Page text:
Unlike the case with profiling of African Americans, many white Americans are now willing to admit that they engage in racial profiling of Arab Americans. Since we are all deputized, some profiling is taking place by average everyday citizens. In Newsweek's My Turn column, author Lori Hope reported that, while her plane was waiting on the tarmac for take off, she noticed a suspicious-looking man. She described the man as “olive-skinned, black-haired, and clean shaven, with a blanket covering his legs and feet.” She reported that she thought his use of a blanket “was strange because I felt so warm. No one else was using a blanket.” Ms. Hope then reported the “suspicious-looking” man to the flight attendants. The head flight attendant told the author that the suspicious passenger was removed from the plane, that “he seemed depressed, but also very nervous.” Finally the head flight attendant told her: “You did the right thing. Once we're in the air, it's too late.” Understandably, Americans are frightened and anxious about future terrorist activities, but there are lots of reasons the “suspicious-looking” man may have needed a blanket. One might ask whether she would have done the same thing if a white man had his legs covered with a blanket?

Airline personnel, not working in a law enforcement capacity, are also profiling passengers. On Christmas Day, an Arab American secret service agent, Walied Shater, was scheduled to fly from Baltimore to Dallas for his assignment protecting President Bush. As a federal agent carrying a gun, Shater completed the required E2 form, necessary for him to carry a gun onto the plane. However, the secret service agent's original flight was canceled. Unable to find a blank E2 form, the gate agent crossed out the flight and seat number from the canceled flight and inserted those for the rebooked flight. While Shater was asked to leave the plane for additional security clearance, the flight attendant discovered a book entitled “The Crusades Through Arab Eyes” that Shater left in his seat. The flight attendants told the pilot that they were “concerned” about the passenger and his book with “Arabic-style print.” The pilot found the E2 form incomplete and illegible. He went to talk to the passenger who allegedly made “loud [and] abusive comments.” The pilot telephoned airline security to have the secret service agent removed from the plane. The pilot said in a statement: “With the lives of the . . . passengers and crew [at stake], I . . . edge[d] toward the side of safety.”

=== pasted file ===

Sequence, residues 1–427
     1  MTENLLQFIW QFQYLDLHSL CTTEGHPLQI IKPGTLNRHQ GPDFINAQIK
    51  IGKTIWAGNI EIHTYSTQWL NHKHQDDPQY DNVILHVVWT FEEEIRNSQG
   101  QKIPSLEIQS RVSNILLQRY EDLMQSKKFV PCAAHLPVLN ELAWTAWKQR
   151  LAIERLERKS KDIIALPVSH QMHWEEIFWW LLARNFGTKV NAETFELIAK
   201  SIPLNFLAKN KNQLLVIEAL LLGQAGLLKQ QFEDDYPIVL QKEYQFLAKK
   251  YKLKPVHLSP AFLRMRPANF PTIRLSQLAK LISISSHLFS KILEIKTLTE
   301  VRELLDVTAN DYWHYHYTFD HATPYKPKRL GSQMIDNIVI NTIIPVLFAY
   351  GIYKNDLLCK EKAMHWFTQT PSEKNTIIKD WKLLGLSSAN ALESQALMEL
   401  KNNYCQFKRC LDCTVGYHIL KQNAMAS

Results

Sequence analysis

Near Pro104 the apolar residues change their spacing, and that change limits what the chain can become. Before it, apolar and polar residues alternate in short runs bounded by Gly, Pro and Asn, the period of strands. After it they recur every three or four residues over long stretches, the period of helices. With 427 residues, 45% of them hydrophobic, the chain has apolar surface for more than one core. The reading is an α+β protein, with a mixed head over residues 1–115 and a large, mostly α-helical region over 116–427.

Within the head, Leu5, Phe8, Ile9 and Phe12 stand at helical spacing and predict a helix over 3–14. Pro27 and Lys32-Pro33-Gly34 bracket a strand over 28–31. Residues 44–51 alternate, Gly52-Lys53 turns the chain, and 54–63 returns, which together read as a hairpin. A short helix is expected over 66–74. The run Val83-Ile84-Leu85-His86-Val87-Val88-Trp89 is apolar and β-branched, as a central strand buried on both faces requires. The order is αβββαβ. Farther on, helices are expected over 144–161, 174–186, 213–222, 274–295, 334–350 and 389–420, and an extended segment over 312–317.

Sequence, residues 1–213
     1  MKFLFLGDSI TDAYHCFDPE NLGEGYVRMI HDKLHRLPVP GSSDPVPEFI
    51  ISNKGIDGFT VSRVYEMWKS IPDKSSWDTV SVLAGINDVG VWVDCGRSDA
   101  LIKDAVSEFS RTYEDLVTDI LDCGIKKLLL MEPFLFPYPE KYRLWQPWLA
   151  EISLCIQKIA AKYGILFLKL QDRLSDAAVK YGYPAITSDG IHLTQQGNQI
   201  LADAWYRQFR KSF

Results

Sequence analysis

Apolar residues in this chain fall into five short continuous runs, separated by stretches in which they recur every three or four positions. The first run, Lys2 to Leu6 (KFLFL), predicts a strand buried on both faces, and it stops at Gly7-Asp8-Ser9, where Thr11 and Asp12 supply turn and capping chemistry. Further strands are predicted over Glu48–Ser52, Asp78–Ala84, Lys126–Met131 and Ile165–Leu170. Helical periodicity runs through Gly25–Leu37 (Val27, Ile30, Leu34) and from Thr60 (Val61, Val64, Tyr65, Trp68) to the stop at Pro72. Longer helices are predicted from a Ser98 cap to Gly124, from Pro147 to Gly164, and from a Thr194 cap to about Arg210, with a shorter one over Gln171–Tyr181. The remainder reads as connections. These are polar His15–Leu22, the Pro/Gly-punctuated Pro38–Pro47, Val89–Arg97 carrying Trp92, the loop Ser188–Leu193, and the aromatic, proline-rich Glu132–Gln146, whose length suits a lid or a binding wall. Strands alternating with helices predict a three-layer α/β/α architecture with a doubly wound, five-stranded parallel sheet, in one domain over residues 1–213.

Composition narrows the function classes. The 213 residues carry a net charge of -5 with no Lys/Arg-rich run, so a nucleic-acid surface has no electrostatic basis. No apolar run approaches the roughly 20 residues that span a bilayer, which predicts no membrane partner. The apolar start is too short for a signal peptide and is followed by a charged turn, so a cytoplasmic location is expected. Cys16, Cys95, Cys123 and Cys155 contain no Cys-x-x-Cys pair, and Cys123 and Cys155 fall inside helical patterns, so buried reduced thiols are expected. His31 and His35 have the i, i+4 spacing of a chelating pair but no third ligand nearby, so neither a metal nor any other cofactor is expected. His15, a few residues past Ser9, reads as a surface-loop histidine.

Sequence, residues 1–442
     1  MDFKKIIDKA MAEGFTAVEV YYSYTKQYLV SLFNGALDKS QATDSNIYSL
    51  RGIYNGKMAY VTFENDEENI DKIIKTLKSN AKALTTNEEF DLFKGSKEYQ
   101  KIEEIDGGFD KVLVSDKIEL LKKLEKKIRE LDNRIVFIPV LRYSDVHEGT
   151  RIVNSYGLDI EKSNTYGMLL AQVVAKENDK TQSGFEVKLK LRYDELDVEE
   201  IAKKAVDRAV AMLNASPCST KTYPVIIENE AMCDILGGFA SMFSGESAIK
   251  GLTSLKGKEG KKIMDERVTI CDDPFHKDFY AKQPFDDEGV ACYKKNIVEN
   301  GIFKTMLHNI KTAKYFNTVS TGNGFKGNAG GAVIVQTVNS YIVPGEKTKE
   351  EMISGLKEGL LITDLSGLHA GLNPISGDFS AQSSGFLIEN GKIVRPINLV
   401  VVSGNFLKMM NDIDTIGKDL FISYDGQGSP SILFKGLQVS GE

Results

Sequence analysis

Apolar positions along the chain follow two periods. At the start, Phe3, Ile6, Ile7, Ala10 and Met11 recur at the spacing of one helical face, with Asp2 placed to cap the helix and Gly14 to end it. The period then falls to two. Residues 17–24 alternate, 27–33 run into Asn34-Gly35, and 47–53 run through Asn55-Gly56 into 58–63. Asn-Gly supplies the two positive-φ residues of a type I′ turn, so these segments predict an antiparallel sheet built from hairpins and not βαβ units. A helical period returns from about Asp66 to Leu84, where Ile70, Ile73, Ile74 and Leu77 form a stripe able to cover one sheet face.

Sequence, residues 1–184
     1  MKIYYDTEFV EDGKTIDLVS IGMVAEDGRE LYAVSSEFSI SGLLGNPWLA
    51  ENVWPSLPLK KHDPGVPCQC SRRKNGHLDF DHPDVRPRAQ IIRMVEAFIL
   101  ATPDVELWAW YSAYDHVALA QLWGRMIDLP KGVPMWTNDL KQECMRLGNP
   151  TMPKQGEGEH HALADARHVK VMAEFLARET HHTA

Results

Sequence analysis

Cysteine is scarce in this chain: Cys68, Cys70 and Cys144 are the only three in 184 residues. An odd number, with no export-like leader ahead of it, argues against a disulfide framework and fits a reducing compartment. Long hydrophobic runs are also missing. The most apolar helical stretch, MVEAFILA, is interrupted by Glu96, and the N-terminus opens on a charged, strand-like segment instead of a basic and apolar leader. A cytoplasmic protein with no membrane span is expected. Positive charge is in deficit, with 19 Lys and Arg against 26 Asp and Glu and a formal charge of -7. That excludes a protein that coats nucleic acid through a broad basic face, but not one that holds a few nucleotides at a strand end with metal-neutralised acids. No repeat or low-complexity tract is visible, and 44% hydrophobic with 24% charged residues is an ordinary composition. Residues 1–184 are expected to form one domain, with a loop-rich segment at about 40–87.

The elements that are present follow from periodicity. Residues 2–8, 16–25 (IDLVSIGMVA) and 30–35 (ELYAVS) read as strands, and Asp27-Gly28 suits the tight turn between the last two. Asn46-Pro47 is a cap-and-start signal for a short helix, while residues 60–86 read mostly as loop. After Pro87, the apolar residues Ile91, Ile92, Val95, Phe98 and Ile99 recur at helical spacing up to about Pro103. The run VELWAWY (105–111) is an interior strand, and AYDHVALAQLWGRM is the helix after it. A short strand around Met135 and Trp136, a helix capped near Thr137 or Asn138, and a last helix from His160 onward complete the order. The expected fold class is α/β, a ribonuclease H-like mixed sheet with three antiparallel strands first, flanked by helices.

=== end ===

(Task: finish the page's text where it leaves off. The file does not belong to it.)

The government is also profiling individuals of Middle Eastern ancestry. In November 2001, the Department of Justice started to interview “more than 5,000 people nationwide--the majority Middle Eastern men ages eighteen to thirty-three years old who came here within the last two years on nonimmigrant visas in search of information on terrorist organizations such as al Qaeda.” In March of 2002, the Justice Department decided to interview 3,000 additional men, ages eighteen to forty-six, who also entered the United States on nonimmigrant visas, between October 2001 and February 2002, from countries with an al Qaeda presence. Although the Justice Department said that these men were not suspected of crimes, they “might, either wittingly or unwittingly, be in the same circles, communities, or social groups as those engaged in terrorist activities.” The local United States Attorney sent letters to these individuals that stated:

Your name was brought to our attention because, among other things, you came to Michigan on a visa from a country where there are groups that support, advocate, or finance international terrorism. We have no reason to believe that you are, in any way, associated with terrorist activities. Nevertheless, you may know something that could be helpful in our efforts.

The interviews are described as voluntary, but an Immigration and Naturalization Service memorandum suggests that some of those interviewed might be kept in custody without bond if the “investigators [develop] an interest in them.” Some police departments refused to assist the Department of Justice in this endeavor because they believed that it was illegal racial profiling. However, seventy-nine percent of the American public approved this program. Some commentators have been equivocal concerning whether the policy is illegal racial profiling.